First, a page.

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The textbooks I read say that it's obvious that associativity follows in a subgroup, but it doesn't explain why (since it's not obvious to me). We still have to check for closure under the operation, the identity element, and the inverse, but why does associativity immediately follow for a subgroup just because the group itself has it?

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The associativity property is an algebraic identity that the group operation has to satisfy: $(ab)c=a(bc)$. Whether this identity is true for three fixed elements $a$, $b$, and $c$ does not depend on what set I put them in.

The other properties you mentioned are fundamentally different from associativity because they assert the existence of an object in the subgroup:

  1. The identity axiom means there exists an element in the subgroup that is the identity.
  2. The inverse axiom means there exists an inverse for every element in the subgroup.
  3. The closure axiom means if two elements are in the group then their product exists in the subgroup.
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    $\begingroup$ The general theme here is: universal properties (ones that can be expressed without an $\exists$ quantifier) are inherited by substructures, existential properties are not. $\endgroup$ – tomasz Nov 15 '14 at 20:22
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To fix ideas, suppose $G$ is a group and $H \subset G$. Then associativity says that for all $x,y,z \in G$, you have $x(yz) = (xy)z$. This is true for all elements of $G$; in particular it's true for all elements of $H \subset G$ (because they're also elements of $G$ and the operation is the same). Thus associativity follows automatically.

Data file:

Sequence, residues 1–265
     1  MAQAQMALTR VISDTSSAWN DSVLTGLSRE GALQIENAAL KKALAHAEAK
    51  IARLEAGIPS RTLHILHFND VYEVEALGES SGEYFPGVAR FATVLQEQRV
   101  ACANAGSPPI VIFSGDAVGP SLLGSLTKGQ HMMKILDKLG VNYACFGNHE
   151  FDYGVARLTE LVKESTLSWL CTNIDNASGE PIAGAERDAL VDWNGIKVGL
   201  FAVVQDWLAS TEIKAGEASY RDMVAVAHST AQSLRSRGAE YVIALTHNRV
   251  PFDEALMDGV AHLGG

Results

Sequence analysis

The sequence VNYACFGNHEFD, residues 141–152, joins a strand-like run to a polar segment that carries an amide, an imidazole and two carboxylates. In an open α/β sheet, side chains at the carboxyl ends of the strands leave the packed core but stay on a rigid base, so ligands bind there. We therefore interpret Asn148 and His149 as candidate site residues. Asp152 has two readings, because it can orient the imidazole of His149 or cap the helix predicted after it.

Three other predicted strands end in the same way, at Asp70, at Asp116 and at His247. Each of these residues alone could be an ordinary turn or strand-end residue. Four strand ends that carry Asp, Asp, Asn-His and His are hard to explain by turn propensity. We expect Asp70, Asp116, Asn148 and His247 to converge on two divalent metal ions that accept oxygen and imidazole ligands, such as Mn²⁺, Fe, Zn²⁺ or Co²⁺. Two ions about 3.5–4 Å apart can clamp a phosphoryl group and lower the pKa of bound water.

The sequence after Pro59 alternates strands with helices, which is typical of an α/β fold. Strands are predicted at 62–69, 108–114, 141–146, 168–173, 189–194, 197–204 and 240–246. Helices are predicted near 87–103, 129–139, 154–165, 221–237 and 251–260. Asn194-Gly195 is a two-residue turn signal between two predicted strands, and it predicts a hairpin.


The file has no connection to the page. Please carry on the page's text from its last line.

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    $\begingroup$ In fact if $H$ is any subset of $G$ (not necessarily a subgroup), then also associativity holds for the elements of $H$. But the element $(xy)z = x(yz)$ need not be an element of $H$. The subgroup condition of $H$ assured that the element is actually is in $H$. $\endgroup$ – Krish Nov 15 '14 at 14:43
  • $\begingroup$ @Krish Your informal wording summarizes it totally. $\endgroup$ – jiten Jan 24 '18 at 11:37
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Suppose you choose three elements $a$, $b$ and $c$ from the subgroup. You compute $(a*b)*c$ and $a*(b*c)$ and ask whether they are the same element.

Now if you compute $(a*b)*c$ and $a*(b*c)$ in the original larger group, it is clear that you get the same thing, because that's what it means for the original group operation to be associative, and if it wasn't it wouldn't be called a group.

Now compute them in the subgroup instead? What do you get? Exactly the same thing in both cases, because that's what it means to compute in the subgroup -- you do the same operation as you would in the original group, and because the subgroup is closed under that operation you just happen to get an element of the subgroup out.

So it doesn't make any difference whether you compute in the subgroup or in the group -- it gives the same result in both cases. And since in the group you get the same result for $(a*b)*c$ as for $a*(b*c)$ this must also be the same result you get in the subgroup, in both cases.

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  1. All mammals are animals.
  2. Cats are mammals.
  3. Therefore cats are animals.

Right? Well, that's the same argument as:

  1. All triplets $(a, b, c)$ of elements in the group satisfy associativity.
  2. All triplets $(a, b, c)$ of elements in the subgroup are in the group.
  3. Therefore all triplets $(a, b, c)$ of elements in the subgroup satisfy associativity.
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